When we hear the words “road trip,” we usually think of a trek lasting at least several hours as opposed to a run to the grocery store. Whether the destination is a favored vacation spot, a relative’s house, a client’s office, or a business conference, getting in the car for a long haul requires some pre-travel wisdom. Are you traveling solo or with someone? Will there be kids in the car? How many stops do you plan to make along the way? Questions like these help to determine what essentials to bring along — and what incidental items are better left at home.
Things for the Car
These necessities may appear obvious but a surprising number of people get caught without them:
- Driver’s License — yes, many drivers are pulled over by law enforcement and can not produce a license because it was left at home. Whether in a wallet, purse, or another holder, keep it with you at all times.
- Insurance and Registration — not only must the driver be legal, so too must the vehicle. Updated registrations and auto insurance certificates should only be as far as the glove compartment.
- Operator’s Manual — sometimes, owners bring the car manually into the house to study it or keep it with other appliance user guides. Better to keep it in the car when an unfamiliar light goes on or a strange sound is emitted from under the hood.
- Spare Key — you never know when your keys can get misplaced, stolen, or otherwise lost, even damaged. Having a spare in an obscure but accessible compartment can save the day.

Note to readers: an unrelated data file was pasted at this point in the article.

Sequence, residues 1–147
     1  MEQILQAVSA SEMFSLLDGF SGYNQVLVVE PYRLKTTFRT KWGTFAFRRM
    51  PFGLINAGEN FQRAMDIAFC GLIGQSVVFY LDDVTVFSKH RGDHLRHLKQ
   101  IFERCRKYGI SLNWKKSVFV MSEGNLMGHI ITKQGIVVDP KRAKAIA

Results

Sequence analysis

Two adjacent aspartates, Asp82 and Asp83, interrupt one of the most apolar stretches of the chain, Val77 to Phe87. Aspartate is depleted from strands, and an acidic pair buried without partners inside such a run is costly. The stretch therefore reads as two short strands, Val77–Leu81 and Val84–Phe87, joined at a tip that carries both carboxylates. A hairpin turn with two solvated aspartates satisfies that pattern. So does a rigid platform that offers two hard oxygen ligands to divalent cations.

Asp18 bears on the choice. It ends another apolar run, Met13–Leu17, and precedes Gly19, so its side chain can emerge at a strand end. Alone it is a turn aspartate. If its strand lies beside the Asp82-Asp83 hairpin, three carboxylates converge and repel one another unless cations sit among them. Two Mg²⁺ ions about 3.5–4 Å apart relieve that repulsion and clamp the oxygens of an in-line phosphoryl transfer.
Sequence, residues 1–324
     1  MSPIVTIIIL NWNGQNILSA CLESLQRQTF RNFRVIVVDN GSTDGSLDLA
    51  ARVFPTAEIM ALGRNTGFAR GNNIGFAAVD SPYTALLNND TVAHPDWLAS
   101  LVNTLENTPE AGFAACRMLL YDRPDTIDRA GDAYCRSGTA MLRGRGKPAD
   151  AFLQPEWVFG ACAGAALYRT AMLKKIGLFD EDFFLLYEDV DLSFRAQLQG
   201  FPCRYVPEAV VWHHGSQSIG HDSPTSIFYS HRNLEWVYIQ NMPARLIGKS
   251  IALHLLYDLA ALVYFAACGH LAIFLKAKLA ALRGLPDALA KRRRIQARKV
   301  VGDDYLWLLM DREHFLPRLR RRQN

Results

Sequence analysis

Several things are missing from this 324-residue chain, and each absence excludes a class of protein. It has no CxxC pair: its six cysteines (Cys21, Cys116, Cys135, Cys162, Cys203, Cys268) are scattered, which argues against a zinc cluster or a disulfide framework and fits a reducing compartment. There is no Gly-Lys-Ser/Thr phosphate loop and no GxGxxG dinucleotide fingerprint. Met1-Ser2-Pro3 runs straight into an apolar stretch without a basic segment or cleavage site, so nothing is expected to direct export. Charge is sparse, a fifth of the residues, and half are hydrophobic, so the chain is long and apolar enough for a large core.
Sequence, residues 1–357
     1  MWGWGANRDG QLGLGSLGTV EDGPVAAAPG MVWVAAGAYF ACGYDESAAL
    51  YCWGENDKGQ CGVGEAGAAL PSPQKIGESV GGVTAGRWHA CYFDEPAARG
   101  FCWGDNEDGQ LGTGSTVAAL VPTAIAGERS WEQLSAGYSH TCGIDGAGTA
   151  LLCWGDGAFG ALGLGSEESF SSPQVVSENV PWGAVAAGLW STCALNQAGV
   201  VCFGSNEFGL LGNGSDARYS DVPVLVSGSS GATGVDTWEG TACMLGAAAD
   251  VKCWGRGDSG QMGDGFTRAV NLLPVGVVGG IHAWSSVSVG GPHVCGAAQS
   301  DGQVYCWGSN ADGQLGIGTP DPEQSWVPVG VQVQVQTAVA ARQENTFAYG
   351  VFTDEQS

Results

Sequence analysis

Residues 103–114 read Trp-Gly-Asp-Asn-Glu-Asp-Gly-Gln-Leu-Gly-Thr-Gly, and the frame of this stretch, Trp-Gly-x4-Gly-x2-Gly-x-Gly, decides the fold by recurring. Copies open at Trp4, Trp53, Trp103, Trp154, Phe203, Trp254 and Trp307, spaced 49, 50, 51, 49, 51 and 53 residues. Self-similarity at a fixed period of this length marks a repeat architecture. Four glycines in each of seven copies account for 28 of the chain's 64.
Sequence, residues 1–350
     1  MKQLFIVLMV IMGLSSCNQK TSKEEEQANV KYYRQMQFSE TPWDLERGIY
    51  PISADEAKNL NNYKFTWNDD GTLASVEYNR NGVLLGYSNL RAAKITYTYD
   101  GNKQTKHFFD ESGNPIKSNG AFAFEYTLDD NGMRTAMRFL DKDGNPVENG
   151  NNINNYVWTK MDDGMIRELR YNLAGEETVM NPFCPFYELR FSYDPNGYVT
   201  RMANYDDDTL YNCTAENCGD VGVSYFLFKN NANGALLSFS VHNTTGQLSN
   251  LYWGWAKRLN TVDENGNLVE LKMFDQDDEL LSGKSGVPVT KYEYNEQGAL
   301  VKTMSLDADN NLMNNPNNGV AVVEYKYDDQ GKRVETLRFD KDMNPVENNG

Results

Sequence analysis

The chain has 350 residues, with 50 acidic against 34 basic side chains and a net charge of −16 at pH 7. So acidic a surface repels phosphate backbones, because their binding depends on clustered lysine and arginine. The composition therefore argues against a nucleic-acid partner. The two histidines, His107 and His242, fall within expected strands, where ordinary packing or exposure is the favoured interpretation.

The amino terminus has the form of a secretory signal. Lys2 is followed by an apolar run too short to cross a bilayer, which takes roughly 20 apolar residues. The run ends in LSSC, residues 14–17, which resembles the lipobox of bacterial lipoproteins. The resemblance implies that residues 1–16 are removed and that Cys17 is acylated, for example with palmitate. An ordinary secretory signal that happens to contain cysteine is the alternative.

- Roadside Assistance Contact Info — you can have this through AAA or an insurance company. Remember, breakdowns and blowouts occur when least expected.
- Spare Tire and Jack — sometimes it’s quicker and easier to do it yourself, or have someone help you. Make sure you have what you need.
- Flashlight — good for night-time mishaps and foul weather trouble. Get one that is water-resistant.
Things for the Passengers
- Phone Charger — either in the car or portable.
- Bag or box for garbage — if you have a pulse, there will be garbage.
- Toilet Paper — some rest stops are not well-stocked.
- Cash — coins and paper money for parking, air pumps, laundry etc.
- Hand sanitizer
- First-Aid Kit
Things to Leave at Home
- Jewelry — i.e. expensive jewelry. Unless you are going to the White House for a state dinner, valuable accessories are simply vulnerable to theft.
- Complicated Meals/Snacks — anything that requires a lot of prepping and utensils.
- Soda or Carbonated Drinks — the drive will shake up the cans/bottles.
- Giant Suitcases — they consume too much space. Use bags and baskets, if necessary.
- Illegal Substances — never think you can’t get pulled over.